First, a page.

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What is Stress

Stress is primarily a physical response. When stressed, the body thinks it is under attack and switches to ‘fight or flight’ mode, releasing a complex mix of hormones and chemicals such as adrenaline, cortisol and norepinephrine to prepare the body for physical action. This causes a number of reactions, from blood being diverted to muscles to shutting down unnecessary bodily functions such as digestion.

Through the release of hormones such as adrenaline, cortisol and norepinephrine, the caveman gained a rush of energy, which prepared him to either fight the tiger or run away. That heart pounding, fast breathing sensation is the adrenaline; as well as a boost of energy, it enables us to focus our attention so we can quickly respond to the situatio

In the modern world, the ‘fight or flight’ mode can still help us survive dangerous situations, such as reacting swiftly to a person running in front of our car by slamming on the brakes.

The challenge is when our body goes into a state of stress in inappropriate situations. When blood flow is going only to the most important muscles needed to fight or flee, brain function is minimised. This can lead to an inability to ‘think straight’; a state that is a great hindrance in both our work and home lives. If we are kept in a state of stress for long periods, it can be detrimental to our health.  The results of having elevated cortisol levels can be an increase in sugar and blood pressure levels, and a decrease in libido.

Stress Awareness Month April 2024

April is Stress Awareness Month. For Stress Awareness Month 2024, The Stress Management Society, want to emphasise how even the smallest steps taken each day towards self-care and stress reduction can yield significant improvements in mental health over time.

They encourage you to focus on making manageable adjustments to your daily routine. While the impact of small actions on their own may seem little, the cumulative effects of these habits can end up being profound!

We have discussed how these actions can make significant changes to your mental health in previous newsletters.

Think of it like building a house – laying down a single brick may not seem significant. You might start small e.g., taking deep breaths during a stressful moment, or writing down one thing you’re grateful for each day.

These actions may seem small but they serve as the foundation of your mental wellbeing. As you continue to add more brick, your mental health house begins to take shape. Each brick represents a conscious choice to prioritize and build your mental health and resilience. They all add strength and stability, making you more resilient to the challenges that life brings.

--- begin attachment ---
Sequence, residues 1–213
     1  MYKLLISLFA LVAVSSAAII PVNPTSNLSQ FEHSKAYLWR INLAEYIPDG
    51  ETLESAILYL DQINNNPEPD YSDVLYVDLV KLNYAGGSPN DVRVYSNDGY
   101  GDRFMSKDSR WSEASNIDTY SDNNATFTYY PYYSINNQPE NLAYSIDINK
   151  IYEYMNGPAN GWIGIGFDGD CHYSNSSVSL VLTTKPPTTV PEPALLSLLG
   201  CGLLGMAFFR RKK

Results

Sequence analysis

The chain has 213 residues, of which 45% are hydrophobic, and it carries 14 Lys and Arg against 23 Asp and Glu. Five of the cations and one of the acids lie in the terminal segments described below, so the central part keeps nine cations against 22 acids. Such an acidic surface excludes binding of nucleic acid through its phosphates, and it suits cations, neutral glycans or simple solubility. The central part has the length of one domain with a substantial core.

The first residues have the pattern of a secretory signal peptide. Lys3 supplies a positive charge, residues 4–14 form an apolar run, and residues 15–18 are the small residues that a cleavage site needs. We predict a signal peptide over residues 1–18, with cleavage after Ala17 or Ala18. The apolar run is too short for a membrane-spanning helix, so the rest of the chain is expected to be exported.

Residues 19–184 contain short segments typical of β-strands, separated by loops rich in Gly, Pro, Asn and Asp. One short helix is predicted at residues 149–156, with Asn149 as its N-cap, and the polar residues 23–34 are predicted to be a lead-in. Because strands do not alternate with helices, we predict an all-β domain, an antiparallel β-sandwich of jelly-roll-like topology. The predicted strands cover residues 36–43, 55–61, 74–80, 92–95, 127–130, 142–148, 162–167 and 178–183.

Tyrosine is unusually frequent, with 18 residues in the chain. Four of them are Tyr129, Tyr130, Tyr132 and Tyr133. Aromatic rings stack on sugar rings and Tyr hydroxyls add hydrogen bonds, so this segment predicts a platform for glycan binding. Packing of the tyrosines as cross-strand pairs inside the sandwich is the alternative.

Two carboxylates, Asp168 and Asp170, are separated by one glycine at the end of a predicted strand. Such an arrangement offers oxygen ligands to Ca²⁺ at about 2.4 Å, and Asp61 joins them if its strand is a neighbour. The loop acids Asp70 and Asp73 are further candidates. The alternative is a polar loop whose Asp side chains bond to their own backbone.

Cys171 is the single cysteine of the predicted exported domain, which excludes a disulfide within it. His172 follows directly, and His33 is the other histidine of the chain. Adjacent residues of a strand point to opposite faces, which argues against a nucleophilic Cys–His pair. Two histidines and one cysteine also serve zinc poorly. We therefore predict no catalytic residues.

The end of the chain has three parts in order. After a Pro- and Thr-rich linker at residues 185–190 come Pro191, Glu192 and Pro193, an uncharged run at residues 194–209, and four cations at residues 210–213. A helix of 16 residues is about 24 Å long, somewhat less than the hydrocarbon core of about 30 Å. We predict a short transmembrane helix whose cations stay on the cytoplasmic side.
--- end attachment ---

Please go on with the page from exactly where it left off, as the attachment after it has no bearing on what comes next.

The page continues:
Overtime, the accumulation of these small consistent efforts leads to a remarkable outcome!

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So here’s the challenge!! What action can you take over April, just one action, one change which you can stick to for 30 days to explore how that action, can change your mental wellbeing for the positive. Join the Stress Management Society for the April Challenge.

Neurodiversity Awareness Training 

You can now book through our website for the Neurodiversity Awareness Training. The price for this training is £150 (plus VAT) per delegate and the training will be online. We currently have two courses scheduled on the 3rd May and 5th June. The course is 4 hours. This course is is proving to be very popular so please contact us quickly to book your place.

Mental Health First Aid

Mental Health First Aid (MHFA) is a training course which teaches people how to identify, understand and help someone who may be experiencing a mental health issue. 

MHFA won’t teach you to be a therapist, but it will teach you to listen, reassure and respond, even in a crisis – and even potentially stop a crisis from happening. 

You’ll learn to recognise warning signs of mental ill health and develop the skills and confidence to approach and support someone while keeping yourself safe. 

You’ll also learn how to empower someone to access the support they might need for recovery or successful management of symptoms. This could include self-help books or websites, accessing therapy services through their GP, their school or place of work, online self-referral, support groups, and more. 

What’s more, you’ll gain an understanding of how to support positive wellbeing and tackle stigma in the world around you

For further inquiries, company group training or mental health consultancy please do not hesitate to get in touch at

About Sanitas Hub 

Booking a Mental Health Wellbeing Course with Sanitas Hub 

Mental Health Consultancy in the Workplace

Sanitas Hub Services